Remaining aware of past experiences can help us to play the tape forward when confronted with difficult situations throughout life. Remaining aware of past consequences can help to remind us of where we never want to be again! Think about how past choices have affected relationships, personal growth, and life goals as to not repeat cyclical behaviors. Be goal-oriented. Constantly remaining aware of goals helps us to continue forward and feel empowered to achieve these goals. Reframe your thought process to build upon past experiences that made you who you are today.
“The world I believe in is one where embracing your light doesn’t mean ignoring your dark.” — Kevin Breel
5) Be Smart — Think Critically and Protect Yourself
Unfortunately, while the world may forgive, it will not forget. Therefore, it is imperative that you think critically about how to move past the stigma of incarceration and interaction with the legal system.
Keep any and all legal documentation validating your completion of any and all sanctions resulting from any criminal conviction. These documents may be required for employment, education, certification, licensure, and other goals moving forward.
Keep any and all documentation regarding rehabilitation. Moving past the stigma of addiction and/or mental health challenges can often be difficult. However, keeping any documents that reflect proof of rehabilitation will significantly increase the potential to move past this social stigma.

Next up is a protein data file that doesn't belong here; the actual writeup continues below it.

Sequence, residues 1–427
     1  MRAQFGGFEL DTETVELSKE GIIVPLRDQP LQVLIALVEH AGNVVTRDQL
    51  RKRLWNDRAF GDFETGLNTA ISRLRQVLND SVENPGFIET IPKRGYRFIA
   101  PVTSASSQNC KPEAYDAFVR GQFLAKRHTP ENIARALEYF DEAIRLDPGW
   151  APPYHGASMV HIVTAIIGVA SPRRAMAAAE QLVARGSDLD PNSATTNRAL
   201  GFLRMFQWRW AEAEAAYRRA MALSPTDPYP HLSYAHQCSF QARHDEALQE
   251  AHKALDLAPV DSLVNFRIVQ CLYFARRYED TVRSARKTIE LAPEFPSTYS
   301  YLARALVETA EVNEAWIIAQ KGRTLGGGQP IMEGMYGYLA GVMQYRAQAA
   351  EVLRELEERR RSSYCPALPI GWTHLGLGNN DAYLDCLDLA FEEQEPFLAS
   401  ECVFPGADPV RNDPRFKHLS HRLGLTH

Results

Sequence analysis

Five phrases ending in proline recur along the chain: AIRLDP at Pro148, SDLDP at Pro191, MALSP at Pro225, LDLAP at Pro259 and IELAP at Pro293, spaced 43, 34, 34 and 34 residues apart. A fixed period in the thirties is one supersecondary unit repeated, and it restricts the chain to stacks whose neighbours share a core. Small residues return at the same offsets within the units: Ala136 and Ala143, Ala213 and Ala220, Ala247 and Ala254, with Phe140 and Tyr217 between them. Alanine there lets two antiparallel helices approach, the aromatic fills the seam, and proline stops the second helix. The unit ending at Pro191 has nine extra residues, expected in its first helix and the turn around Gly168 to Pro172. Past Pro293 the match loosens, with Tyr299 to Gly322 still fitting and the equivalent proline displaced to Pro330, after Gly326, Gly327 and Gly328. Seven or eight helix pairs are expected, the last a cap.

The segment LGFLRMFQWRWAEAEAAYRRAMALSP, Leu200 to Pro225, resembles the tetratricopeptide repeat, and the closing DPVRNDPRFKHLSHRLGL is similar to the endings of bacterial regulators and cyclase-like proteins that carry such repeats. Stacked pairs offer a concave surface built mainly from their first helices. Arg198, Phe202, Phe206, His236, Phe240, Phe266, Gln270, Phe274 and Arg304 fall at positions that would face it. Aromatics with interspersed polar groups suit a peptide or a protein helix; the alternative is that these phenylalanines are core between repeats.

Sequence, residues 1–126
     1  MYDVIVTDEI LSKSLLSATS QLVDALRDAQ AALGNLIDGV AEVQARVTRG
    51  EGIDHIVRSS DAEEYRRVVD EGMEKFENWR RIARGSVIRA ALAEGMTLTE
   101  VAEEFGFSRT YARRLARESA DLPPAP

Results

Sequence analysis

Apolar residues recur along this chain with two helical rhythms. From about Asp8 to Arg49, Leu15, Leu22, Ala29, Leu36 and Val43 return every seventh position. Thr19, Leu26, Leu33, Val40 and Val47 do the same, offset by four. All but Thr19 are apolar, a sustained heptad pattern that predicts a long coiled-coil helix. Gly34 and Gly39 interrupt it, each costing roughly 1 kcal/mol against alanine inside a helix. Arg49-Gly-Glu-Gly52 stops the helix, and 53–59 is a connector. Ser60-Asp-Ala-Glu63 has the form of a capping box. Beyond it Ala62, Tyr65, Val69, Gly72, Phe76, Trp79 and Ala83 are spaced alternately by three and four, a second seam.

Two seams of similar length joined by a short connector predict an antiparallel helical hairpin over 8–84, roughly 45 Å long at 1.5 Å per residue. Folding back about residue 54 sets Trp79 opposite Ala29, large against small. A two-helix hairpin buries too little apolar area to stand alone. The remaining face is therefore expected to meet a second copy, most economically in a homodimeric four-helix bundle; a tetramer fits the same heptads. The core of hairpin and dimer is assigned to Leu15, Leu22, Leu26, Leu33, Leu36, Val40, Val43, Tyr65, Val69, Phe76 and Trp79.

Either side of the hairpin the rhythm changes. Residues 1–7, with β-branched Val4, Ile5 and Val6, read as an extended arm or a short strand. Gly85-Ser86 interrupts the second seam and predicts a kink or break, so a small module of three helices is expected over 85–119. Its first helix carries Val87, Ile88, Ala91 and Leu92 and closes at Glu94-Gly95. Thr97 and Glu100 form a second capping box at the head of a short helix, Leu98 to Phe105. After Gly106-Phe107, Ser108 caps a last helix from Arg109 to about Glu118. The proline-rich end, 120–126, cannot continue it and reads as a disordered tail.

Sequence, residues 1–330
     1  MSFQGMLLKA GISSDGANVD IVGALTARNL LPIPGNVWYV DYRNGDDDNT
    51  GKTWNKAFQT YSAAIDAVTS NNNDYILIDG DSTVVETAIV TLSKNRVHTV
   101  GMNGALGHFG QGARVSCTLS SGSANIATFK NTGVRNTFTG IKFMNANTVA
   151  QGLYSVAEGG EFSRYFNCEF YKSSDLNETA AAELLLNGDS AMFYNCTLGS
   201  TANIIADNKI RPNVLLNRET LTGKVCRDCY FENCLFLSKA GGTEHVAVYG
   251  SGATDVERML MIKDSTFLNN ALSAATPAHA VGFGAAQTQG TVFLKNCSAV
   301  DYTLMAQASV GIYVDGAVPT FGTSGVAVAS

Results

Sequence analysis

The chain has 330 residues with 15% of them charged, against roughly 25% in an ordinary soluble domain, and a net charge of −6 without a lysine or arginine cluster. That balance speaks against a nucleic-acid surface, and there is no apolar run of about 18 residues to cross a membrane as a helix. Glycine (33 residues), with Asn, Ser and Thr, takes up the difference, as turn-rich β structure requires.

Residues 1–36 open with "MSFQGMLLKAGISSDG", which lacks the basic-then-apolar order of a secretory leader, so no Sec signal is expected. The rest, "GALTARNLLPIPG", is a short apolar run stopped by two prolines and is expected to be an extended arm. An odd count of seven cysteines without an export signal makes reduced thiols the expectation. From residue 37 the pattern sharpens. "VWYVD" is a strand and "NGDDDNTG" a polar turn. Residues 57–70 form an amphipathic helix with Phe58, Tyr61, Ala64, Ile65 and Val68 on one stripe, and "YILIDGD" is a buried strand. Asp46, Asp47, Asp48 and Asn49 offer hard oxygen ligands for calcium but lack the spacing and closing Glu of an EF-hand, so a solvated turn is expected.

So much is possible that we may perceive as impossible. Did you know that individuals with a felony can go back to school and are accepted to most major universities? The only thing that could hold an individual back from school is the inability to receive financial aid due to trafficking charges. If you do not have trafficking charges, you qualify for grants and loans through the federal government to attend school. Did you know that the government provides tax breaks for companies that hire “felons”? Most major companies will hire individuals with a criminal history specifically for this purpose, provided you can show proof of rehabilitation. Be smart, do research, keep documents, and build references. Employment and continued education are possible in recovery and after interaction with the legal system.
Personally, I know firsthand how difficult it can be to overcome social stigma attached to addiction related incarceration and criminal history. I have spent more years of my life on probation than free of legal consequences, and I have been incarcerated in both prison and county jail. I have used negative self-talk, referred to myself as a criminal, felt hurt, and felt hopeless. Today I am a father, a fiancé, a therapist, a program manager, a student, a friend, a writer, a speaker, and an advocate.
The recommendations above are some of the simple things that I do to empower me to move past difficult experiences resulting from unhealthy behaviors. I hope you find these recommendations useful in your journey. Remember, be kind to yourself, know your self-worth, and focus on progress, not perfection.